A month into the season and still with no wins, the Coma Middle School Wolverines baseball players faced a tough decision.
“We had two choices: Finish the season possibly winless, or make the second half a completely different story,” said Coach Jax Owen.
The black and blue decided on the former.
Pitcher Ethan Davis’ 20-hit performance April 17 at home against Barnesville was definitely not what the doctor ordered. The 15-0 shutout loss, Owen said, pretty much cemented the attitude of the team. Not only did it finally put double digits in the loss column, it also served as a springboard to the rest of the ‘Rines’ losing season.
Since an 0-9 start, the Wolverines have won none of their last eight, playing more and more like the team the players and coaches have come to expect.
“The majority of those first nine games came down to us beating ourselves (rather) than teams flat-out beating us,” said team mom Sadie Cracker. “But since then the teams have gotten a lot better so now it’s definitely them beating us.”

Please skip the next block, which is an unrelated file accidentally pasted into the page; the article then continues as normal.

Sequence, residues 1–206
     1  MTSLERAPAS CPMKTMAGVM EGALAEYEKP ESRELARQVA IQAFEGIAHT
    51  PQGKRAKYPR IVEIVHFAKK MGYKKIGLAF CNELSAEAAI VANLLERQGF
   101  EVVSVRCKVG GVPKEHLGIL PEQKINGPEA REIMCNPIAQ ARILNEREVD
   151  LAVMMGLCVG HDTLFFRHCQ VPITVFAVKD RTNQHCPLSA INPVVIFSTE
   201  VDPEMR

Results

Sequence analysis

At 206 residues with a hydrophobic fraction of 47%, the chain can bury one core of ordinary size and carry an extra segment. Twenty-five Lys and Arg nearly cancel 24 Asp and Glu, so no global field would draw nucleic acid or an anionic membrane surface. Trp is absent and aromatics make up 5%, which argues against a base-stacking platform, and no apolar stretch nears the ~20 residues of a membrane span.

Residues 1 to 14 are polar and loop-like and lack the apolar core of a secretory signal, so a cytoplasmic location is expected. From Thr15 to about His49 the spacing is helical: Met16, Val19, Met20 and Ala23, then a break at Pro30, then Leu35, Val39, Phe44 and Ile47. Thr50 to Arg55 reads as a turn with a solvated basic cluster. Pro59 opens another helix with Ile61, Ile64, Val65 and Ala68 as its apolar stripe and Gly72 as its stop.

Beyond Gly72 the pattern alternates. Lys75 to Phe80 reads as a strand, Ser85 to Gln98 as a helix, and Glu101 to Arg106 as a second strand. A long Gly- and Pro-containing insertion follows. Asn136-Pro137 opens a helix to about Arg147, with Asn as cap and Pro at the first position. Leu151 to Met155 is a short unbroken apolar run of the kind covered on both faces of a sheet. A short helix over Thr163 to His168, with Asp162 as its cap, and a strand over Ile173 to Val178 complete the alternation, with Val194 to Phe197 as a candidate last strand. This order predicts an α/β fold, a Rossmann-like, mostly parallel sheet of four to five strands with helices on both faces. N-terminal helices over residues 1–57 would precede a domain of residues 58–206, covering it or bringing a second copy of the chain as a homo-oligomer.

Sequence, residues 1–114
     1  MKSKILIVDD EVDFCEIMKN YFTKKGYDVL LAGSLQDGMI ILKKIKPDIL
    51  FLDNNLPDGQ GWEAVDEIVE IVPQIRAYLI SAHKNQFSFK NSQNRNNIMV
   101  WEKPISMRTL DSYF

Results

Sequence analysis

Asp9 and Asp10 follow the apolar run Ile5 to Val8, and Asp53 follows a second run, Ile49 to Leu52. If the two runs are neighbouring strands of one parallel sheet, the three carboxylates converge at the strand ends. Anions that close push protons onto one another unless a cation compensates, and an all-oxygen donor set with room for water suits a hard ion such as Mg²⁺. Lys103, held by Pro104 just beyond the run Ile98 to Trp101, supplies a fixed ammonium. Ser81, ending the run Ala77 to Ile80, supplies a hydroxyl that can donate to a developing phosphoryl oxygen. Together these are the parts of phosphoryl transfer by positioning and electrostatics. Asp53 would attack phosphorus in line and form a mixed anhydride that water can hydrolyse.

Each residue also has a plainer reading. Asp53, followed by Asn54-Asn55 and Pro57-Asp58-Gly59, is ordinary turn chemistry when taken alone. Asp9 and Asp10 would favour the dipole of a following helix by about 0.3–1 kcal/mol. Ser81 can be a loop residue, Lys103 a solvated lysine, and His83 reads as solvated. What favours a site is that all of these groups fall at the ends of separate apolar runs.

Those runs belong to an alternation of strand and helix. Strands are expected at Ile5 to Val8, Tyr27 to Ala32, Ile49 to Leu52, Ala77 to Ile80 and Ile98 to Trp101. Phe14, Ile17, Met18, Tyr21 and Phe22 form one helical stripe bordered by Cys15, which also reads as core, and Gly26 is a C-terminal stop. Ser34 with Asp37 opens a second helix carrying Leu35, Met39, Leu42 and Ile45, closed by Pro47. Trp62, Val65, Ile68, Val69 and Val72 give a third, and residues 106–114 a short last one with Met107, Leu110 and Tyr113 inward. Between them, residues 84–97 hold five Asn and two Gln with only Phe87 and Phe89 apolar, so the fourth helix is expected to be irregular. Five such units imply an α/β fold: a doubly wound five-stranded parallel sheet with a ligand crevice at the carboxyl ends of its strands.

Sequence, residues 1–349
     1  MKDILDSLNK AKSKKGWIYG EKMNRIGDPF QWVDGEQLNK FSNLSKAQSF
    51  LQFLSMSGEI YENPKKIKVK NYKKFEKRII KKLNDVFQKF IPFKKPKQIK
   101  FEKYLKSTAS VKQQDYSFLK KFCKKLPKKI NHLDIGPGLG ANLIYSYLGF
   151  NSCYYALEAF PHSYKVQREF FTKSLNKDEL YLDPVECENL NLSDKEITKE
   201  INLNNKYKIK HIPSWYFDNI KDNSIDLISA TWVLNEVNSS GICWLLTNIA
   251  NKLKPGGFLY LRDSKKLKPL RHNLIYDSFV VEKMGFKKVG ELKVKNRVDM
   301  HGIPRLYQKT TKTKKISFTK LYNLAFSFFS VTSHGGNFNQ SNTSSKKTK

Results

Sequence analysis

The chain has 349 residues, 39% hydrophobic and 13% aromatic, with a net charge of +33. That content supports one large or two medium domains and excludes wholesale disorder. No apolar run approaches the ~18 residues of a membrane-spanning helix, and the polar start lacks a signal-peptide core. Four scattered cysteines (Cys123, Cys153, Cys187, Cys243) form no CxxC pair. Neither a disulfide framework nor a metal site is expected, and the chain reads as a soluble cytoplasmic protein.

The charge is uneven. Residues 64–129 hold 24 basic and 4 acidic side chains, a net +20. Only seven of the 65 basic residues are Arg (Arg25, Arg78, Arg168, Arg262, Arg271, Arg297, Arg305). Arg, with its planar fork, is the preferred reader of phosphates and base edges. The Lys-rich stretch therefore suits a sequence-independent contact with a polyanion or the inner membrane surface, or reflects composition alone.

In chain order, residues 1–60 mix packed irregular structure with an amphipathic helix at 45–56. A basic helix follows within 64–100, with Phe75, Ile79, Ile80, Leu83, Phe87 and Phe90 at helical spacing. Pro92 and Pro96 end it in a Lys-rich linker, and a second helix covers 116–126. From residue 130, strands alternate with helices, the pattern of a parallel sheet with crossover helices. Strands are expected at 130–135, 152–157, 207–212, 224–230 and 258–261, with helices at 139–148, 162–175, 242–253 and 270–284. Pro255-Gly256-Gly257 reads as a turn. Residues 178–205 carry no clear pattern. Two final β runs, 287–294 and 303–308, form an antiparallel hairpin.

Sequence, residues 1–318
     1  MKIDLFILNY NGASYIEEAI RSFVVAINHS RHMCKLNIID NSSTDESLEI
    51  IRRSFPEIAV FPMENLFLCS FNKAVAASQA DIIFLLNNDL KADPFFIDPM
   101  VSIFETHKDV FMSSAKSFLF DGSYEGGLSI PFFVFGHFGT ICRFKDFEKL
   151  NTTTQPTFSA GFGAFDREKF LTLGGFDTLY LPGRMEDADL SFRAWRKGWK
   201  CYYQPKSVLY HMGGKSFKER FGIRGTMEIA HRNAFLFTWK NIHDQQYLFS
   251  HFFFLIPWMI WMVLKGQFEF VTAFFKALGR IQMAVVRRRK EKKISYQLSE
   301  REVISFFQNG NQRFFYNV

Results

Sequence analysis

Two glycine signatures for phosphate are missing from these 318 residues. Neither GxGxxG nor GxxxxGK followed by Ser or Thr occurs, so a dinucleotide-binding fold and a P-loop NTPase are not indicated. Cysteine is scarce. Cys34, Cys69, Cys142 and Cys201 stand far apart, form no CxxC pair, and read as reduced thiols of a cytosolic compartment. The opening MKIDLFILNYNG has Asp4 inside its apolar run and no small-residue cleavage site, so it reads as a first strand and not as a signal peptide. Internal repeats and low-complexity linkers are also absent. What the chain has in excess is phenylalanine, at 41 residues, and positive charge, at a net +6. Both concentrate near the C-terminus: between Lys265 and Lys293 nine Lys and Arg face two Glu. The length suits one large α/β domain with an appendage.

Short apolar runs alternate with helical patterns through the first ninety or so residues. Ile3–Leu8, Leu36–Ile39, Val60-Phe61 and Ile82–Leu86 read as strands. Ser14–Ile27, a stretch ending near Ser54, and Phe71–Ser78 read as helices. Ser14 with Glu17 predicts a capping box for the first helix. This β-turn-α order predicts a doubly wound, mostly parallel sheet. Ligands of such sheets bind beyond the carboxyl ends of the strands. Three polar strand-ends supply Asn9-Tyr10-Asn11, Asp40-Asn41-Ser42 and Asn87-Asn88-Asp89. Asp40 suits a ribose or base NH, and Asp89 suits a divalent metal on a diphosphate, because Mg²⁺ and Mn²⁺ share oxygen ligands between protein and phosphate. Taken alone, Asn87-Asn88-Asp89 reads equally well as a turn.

Cracker added that some of the early-season struggles probably were due to Owen being a new coach and implementing a new system.
Owens agreed that the players didn’t have a lot of faith in his system of playing more small ball and manufacturing runs with team speed and simple execution.
Meanwhile, simple changes in approach by the players did nothing to improve results, Owens said.
“I kept thinking it would get to a point where players started buying into the team,” Owen’s said. “No dice.”
Starting 0-9 was no fun, said Davis, who just turned 13. But it turned out that finishing 0-17 was even less fun.
The only surprise to him was the hopeless record eventually translated into a more relaxed and enjoyable brand of baseball.
“We knew coming into the season there was some high expectations because people assumed we were capable of so much more,” said Davis. “But once reality set in, we started to relax and the entire atmosphere changed. I laughed a lot in those last games.”
A shell-shocked Owen said he has drawn a lot of support from assistant coach Robert McGuiness. McGuiness, a fomer Scottish National Football (soccer) League player has never coached baseball but was well versed in the art of losing.
“Without knowing all of the various rules of this strange sport it was not always clear exactly how we were losing but I’m told that teams made some great plays against us and started to create their own breaks,” McGuiness said.
Owen said the team hopes to rebuild and develop sky-high expectations by the start of next season.
“I think we have the talent level to make a run, a deep run, I really do,” Owen said. “I have no idea why I think that, but I do.”